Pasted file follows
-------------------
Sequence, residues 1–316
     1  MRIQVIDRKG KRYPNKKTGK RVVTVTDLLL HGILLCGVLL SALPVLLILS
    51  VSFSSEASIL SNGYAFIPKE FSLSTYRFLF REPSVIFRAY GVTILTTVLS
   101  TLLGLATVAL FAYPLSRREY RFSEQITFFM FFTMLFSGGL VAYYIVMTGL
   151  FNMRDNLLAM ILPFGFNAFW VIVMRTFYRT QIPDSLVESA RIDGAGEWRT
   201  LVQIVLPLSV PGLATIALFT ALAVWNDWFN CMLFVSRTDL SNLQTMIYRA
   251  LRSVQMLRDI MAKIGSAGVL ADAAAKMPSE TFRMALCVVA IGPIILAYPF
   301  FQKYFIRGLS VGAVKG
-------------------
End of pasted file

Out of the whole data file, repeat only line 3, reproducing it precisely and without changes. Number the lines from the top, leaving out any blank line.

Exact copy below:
    51  VSFSSEASIL SNGYAFIPKE FSLSTYRFLF REPSVIFRAY GVTILTTVLS